APRIL 26, 1941
LOS ANGELES, Friday—On arriving at the station in Los Angeles yesterday, we found a taxi awaiting us right next to the train and, therefore, left in record time. About five minutes after we reached the hotel, Mrs. Maurice Benjamin and my new daughter-in-law arrived breathless, having waited at the entrance of the station only to be told, after everyone had left the train, that we had departed another way.
The four of us sat down to a very light lunch and then went off to keep some engagement. While we tidied up after the long train trip, Miss Thompson sorted out some of the mail which reached us here. When I am away, I find that letters from family or friends mean a great deal and I grasp them very hurriedly and read them over and over again, thinking that in some way they bring people nearer.
I found a message saying that Washington was calling me on the telephone and my heart sank. But in a few minutes my husband's calm and reassuring voice announced that he was just calling me to have a little conversation.
I read another little book on the way, in which I think many people will be interested. It is called: "Let No Wave Engulf Us," and is written by Mr. Frank Altschul, who is a well known New York banker. The last paragraph fairly epitomizes his feeling:
"Once this nightmare of tyrannies has been definitely banished, great creative forces will again be unleashed. The world is ten years behind schedule. It is eager to make up for lost time, men and women everywhere look to us to provide this opportunity. If the spirit of America is still responsive to our great traditions, it is inconceivable that we should disappoint them."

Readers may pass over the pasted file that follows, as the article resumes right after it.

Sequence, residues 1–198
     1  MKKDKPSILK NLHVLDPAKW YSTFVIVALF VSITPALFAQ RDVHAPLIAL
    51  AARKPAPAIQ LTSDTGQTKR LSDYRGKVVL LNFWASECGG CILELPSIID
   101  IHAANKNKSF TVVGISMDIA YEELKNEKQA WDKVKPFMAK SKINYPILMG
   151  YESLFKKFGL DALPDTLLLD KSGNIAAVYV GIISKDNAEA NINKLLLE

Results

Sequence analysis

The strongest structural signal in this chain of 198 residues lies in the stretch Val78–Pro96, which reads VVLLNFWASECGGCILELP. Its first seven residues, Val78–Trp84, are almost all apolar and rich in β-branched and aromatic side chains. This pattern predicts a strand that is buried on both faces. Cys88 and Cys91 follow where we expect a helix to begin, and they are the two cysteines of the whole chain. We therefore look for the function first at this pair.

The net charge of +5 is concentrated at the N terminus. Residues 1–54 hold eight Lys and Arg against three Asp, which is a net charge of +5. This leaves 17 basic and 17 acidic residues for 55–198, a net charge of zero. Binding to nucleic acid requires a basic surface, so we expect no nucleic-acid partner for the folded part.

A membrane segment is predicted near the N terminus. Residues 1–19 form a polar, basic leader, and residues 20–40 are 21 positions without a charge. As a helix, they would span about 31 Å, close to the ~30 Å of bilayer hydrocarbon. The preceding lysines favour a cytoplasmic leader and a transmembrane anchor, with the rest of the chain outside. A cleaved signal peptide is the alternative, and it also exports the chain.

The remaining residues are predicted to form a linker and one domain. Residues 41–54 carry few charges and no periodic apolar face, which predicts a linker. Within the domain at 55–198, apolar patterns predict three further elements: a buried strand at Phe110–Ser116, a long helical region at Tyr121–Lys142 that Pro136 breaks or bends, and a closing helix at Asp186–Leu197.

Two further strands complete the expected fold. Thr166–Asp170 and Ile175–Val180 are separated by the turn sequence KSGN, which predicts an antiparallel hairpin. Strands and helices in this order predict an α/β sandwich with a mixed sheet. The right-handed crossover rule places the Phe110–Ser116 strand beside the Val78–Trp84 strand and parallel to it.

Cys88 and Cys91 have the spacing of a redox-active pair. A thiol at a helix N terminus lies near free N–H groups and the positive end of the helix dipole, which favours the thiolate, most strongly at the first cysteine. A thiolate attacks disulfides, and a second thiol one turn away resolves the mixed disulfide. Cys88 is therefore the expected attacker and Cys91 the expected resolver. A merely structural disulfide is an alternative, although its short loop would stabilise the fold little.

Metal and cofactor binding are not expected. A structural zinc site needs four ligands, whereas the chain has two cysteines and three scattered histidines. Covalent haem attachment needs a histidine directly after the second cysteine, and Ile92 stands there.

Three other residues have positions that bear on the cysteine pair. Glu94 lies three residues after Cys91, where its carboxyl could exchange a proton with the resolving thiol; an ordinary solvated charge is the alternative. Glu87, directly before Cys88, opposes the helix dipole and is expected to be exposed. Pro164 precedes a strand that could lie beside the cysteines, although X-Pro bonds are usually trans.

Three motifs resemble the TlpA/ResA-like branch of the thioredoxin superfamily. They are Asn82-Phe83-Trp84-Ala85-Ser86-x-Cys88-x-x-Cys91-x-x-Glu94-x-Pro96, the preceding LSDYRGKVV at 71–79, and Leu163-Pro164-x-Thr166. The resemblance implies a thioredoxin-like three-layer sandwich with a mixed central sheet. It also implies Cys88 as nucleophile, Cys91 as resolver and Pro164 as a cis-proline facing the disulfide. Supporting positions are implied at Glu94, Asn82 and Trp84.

He faces certain facts that are not pleasant to some of our more privileged friends and he makes some definite suggestions which make this book a helpful contribution.
At 6:30, Mr. and Mrs. Archibald Young called for Miss Thompson, Mrs. James Roosevelt and me, and we drove to Claremont for the evening lecture. After the lecture, we went to President and Mrs. Story's house for a short reception and reached the Ambassador Hotel again by midnight.
During the question period, lasting several minutes, a few people asked about the Negro situation here. Mrs. Jerome McNair told me afterwards, that their position here has been extremely difficult. A campaign is on now to try to raise money for a new YWCA building, which will be a suitable housing and social center for the Negro girls and women in Los Angeles. This seems to be an excellent project, but the real difficulty here seems to be a feeling on the part of the Negro people that they are discriminated against in obtaining employment in defense industries.
This morning I paid my usual visit to Olvera Street and enjoyed the friendly, smiling faces and picking up a few things to send to friends.